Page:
It is much faster, iPhoto and things like Word open very quickly now (also upgraded to Office 2011 yesterday) whereas it used to take up to 2 minutes to open.

    Ordered the Samsung 830 SSD 256 GB anyway, I will update when I get it installed.
  10. r0k macrumors 68040


    Mar 3, 2008
    I had 4GB of RAM and a "hybrid" SSD in my 2008 Macbook. I wanted to try to squeeze another little bit of performance so I went down to Microcenter and picked up a low end SSD (Agility 4 480GB for about 62 cents a gigabyte). It caused frequent freezes and when I went to the Apple store to see if I had a hardware problem, they plugged in ethernet (wifi had stopped working) and booted from one of their test images. All freezes were gone so it was either my install of Lion or it was the SSD. I swapped back in the hybrid SSD and all was fine. At least I know now the symptom of a bad or incompatible SSD: Frequent beachballs. I was getting them every half hour for about 10-30 seconds then it was every 10 minutes then it was every 4 minutes and finally it was almost continuous.

    Meanwhile, I had ordered a single 4GB stick of memory from OWC so I could try going from 4GB to 6GB (maxed out). I popped that in and it made a huge difference. I'm glad to hear you bought the Samsung and not an Agility as I have heard Samsung drives work well with Macs.

    If I decide to try SSD again, I'll pick either Samsung, Crucial M4, OWC Electra or OCZ Vertex (which I have used successfully in our other older Macs).

    I have 199 GB used on my HDD so I'd like to "go on a data diet" before considering another switch to full SSD so I can get away with 256 or 240 GB and afford a better quality device instead of the bottom feeding that led to all those beachballs.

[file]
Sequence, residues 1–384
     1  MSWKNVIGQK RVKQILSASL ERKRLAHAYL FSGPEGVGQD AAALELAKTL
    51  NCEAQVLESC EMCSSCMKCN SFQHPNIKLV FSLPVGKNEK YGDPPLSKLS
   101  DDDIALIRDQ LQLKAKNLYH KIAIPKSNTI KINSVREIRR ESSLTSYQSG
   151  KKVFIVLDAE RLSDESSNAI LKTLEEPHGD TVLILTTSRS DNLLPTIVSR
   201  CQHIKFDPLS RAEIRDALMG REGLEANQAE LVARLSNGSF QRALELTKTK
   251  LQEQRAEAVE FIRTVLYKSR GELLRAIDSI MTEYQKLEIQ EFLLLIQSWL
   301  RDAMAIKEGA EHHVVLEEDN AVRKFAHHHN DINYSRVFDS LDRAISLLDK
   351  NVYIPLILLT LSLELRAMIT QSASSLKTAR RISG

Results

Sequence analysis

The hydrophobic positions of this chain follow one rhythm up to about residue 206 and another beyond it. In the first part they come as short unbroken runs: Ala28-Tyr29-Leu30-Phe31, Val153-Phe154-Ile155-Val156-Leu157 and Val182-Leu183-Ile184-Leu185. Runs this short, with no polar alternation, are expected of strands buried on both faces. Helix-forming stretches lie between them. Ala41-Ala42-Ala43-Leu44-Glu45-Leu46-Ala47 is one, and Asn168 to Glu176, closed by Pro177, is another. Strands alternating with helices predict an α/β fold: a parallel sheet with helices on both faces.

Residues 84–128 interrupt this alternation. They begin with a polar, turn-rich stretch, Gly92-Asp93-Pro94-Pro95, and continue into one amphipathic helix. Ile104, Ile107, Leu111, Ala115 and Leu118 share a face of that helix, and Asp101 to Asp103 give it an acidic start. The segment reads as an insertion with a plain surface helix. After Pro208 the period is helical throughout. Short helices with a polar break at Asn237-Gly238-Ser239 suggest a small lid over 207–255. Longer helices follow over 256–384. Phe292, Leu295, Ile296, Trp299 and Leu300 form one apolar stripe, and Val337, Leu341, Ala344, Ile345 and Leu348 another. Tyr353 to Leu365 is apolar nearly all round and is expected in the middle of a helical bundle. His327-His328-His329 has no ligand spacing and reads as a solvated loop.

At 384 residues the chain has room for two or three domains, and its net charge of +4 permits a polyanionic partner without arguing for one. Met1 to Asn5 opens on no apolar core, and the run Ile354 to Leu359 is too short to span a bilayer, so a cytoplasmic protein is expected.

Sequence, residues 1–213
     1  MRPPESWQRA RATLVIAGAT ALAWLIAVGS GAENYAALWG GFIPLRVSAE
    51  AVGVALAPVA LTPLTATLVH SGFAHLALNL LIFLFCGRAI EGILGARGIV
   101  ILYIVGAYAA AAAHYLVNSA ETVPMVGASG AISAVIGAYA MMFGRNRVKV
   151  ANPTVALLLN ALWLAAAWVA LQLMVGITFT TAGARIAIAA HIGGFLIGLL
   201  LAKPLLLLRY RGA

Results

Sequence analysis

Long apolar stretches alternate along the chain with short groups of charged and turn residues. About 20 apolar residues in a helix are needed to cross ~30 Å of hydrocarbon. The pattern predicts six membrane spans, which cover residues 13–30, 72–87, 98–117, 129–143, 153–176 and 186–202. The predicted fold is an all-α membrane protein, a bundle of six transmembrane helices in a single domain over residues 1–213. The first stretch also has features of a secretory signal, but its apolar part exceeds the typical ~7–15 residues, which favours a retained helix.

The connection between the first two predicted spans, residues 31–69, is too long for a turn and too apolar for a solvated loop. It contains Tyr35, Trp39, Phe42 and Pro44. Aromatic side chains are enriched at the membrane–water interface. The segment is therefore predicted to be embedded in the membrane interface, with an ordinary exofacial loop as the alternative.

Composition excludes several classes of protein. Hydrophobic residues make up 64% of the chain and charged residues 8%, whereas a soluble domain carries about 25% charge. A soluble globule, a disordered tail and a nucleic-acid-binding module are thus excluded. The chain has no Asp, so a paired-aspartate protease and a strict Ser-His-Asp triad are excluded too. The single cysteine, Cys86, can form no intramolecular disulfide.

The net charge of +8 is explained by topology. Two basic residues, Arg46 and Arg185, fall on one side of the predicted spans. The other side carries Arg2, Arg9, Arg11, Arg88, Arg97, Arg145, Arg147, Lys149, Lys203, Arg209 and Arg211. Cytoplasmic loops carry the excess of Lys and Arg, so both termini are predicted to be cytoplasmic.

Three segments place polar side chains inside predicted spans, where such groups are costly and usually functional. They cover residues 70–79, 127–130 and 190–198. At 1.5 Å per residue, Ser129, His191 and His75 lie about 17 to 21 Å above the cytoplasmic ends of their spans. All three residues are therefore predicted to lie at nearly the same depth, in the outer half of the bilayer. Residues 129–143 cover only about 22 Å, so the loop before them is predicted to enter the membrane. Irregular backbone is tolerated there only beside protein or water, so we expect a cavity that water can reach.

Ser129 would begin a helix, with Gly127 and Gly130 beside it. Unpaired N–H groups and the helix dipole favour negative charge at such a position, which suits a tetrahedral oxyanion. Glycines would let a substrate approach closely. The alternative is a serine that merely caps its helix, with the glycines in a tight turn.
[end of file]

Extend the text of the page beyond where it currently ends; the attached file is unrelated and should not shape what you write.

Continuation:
11. hvfsl macrumors 68000


    Jul 9, 2001
    London, UK
    If you don't use your DVD drive too much, I would fit the HD in the DVD drive bay and the SSD in the main HD bay.

    There is one guy I know without too much money that has an old Pentium M 1.4Ghz laptop with 1GB RAM and Vista. So it has been verging on the unusable since the day he got it. Put an SSD in last weekend and the thing actually runs quite nicely now. So an SSD can make a massive difference, especially on older computers.
  12. zhunter thread starter macrumors newbie

    Sep 5, 2012

    OK, this is new to me

    You are saying I can take my current HD and install it in my DVD "area"? I suppose this is when I have the bottom case off to switch out the HHD to the SSD? Is this just a normal "snap out and snap in" of the DVD and in with the HHD?

    If so this sounds very doable. No, I one use the DVD drive to load new software. So, If I am not mistaken, and this is in fact what you are saying, how would I then install new software like the 2011 Microsoft Office I installed yesterday?

    Thanks for your help.
  13. LaunchpadBS macrumors 6502a

    Nov 11, 2008
    It's a 4 year old machine, it's going to be slow, save that money you were going to spend on an SSD and ram, sell your macbook and get a new/refurbished one, the 2012 MBP's have just gone onto the refurb store.
  14. hvfsl macrumors 68000


    Jul 9, 2001
    London, UK
    Here is an example of what I am talking about (there are many cheaper versions on ebay/Amazon though):

    You get a caddy to put your HD into so it fits where the DVD drive used to be. You also have the option of buying a USB caddy for your DVD drive so you can use it as an external drive.

    There are loads of guides of how to replace the DVD drive on youtube, it took me about 20mins to install, although my laptop is one of the easiest to replace the HD/DVD drive on.
  15. zhunter thread starter macrumors newbie

    Sep 5, 2012
    I have added the RAM and installed the 256GB Samsung SSD

    All is good